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After its success in mobile telephony, Reliance Jio is preparing to disrupt the market once again. This time in the fixed broadband and television (TV) space. The Mukesh Ambani-led company will launch high-speed fibre to the home (FTTH) broadband in more than 30 cities early next year, to offer TV as well as internet to subscribers, it is learnt. Jio has mapped out a plan to address over 100 million TV households across these cities, including Tier II and III, by ensuring dense fibre presence for last-mile connectivity to homes. In the first phase itself, at least 50 million households will be offered the service, according to sources in the know. Jio has already spread out over 300,000 kilometres of optic fibre (half of which is through a long-term contract with Anil Ambani’s Reliance Communications). In fact, Reliance Industries Chairman Mukesh Ambani, in his annual general meeting speech this year, indicated that Jio was on track to offer high-speed broadband services. The infrastructure was in place and it would be the next big monetisation opportunity for the company, he had said. Jio is expected to woo customers with premium offers such as ultra-high speed of up to 1 gigabit per second. The set-top box, as part of the package, will be a home entertainment hub – offering TV channels, high-end gaming, video on demand, among others. Jio is eyeing an average revenue per user of around Rs 1,000 to Rs 1,500 per month from subscribers (which includes internet and TV), as their usage of data goes up, a source said. A Jio spokesperson declined to comment on the FTTH plan. Currently, Jio is learnt to be running a trial offer in limited markets in Mumbai and Delhi, with only internet services at speeds of 100 megabits per second and 100 gigabytes of data free of cost. It is providing a special router, which connects multiple devices at a refundable deposit of Rs 4,500. With a multi-service operator (MSO) licence in place, it will also offer TV services. Jio is planning to leverage technology to resolve some of the problems of FTTH. For instance, it’s likely to use power-line communicators - a small plug-and-play device that extends the strong WiFi signal to rooms far away from the router.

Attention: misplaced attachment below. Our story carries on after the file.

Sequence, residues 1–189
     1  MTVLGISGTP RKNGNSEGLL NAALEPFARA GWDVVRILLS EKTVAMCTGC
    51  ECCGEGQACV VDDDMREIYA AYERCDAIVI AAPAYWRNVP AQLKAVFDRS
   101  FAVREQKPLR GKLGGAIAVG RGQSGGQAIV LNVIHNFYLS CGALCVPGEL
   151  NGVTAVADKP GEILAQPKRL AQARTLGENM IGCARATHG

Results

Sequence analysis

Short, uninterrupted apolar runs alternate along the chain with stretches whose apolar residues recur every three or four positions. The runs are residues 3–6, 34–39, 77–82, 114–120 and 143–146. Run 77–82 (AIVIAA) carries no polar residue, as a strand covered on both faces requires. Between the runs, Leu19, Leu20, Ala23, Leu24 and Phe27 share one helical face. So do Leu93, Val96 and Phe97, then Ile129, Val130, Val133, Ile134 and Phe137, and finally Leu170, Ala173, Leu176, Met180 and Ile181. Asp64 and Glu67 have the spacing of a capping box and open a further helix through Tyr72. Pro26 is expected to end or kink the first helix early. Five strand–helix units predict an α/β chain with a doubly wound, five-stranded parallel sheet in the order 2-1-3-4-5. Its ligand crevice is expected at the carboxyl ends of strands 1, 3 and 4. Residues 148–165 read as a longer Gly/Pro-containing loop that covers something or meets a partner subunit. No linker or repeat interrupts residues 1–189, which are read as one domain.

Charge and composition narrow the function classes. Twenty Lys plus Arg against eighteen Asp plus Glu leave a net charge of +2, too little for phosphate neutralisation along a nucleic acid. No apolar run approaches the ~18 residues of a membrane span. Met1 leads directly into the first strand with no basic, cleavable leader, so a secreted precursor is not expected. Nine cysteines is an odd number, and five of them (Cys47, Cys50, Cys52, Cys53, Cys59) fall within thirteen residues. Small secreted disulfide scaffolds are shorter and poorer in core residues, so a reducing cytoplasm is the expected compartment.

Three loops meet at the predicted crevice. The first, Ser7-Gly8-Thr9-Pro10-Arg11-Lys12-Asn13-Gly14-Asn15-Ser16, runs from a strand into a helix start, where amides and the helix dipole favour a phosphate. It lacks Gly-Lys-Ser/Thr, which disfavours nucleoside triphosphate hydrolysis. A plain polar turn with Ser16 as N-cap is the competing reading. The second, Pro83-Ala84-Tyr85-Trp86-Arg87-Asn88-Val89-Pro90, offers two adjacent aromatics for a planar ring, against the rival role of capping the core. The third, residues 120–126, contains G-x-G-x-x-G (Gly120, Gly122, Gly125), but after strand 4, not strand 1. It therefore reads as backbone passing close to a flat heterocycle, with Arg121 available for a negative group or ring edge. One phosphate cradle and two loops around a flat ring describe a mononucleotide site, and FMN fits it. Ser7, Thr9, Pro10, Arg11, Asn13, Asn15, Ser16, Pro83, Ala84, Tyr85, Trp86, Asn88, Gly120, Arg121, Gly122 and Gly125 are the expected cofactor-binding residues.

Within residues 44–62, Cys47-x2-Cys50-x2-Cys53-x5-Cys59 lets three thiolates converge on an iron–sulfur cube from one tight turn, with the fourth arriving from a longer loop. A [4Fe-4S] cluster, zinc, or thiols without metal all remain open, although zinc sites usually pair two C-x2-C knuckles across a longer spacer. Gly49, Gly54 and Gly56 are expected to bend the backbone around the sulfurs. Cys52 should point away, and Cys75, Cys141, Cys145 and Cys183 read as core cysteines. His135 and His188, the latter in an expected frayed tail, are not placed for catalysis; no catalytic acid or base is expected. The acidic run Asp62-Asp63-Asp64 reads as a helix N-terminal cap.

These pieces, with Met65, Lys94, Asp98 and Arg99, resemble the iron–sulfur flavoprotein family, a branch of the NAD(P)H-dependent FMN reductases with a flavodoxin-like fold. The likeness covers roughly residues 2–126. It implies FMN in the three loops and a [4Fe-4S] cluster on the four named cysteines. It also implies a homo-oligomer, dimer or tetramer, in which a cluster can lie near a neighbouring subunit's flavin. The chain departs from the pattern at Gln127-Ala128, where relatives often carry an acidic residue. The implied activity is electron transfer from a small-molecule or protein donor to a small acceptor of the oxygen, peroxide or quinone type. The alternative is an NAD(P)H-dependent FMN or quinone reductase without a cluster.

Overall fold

While FTTH can get problematic in large homes and offices, Jio’s working on a strategy to use existing electric wiring to transmit data and TV signals across the house.However, competitors such as MSOs and direct-to-home (DTH) operators argue the jury is still out on whether this gamble will work and if Jio can actually replicate the success in mobility once again. Representatives of conventional TV industry cite numbers to back their claim that this is a tough game. While there are 180 million TV households in the country, subscribers fork out an average of only Rs 300- 400 a month for as many as 400 to 500 channels currently, they say. “Subscribers using cable or DTH do not have to pay the cost of broadband as well as indirectly that of spectrum. Anyone looking at an average three hours of TV will need to pay anything between Rs 1,000 and Rs 1,500; it includes broadband costs in the case of Jio.” The question is how many users will pay three to five times more, even if it is for a better service, a prominent MSO asked. Competitors also say that currently, only three million subscribers cough up over Rs 1,000 for high-speed broadband internet and only two million rustle up a similar amount per month for DTH or cable. So, the market that Jio is looking to address is currently niche and a small one. “Deploying FTTH is an expensive business and obviously Jio is making large investments. So, they have to get an adequate return on their investments. They might offer broadband free like they are doing currently and they did earlier in the mobile space,” said a top executive in the business. But they will have to increase tariffs to make money and that might not translate into mass adoption. “But at least someone is trying,” the executive said. And, if the experiment succeeds, the number of households with TV and broadband, currently growing very slowly, could just explode, he said.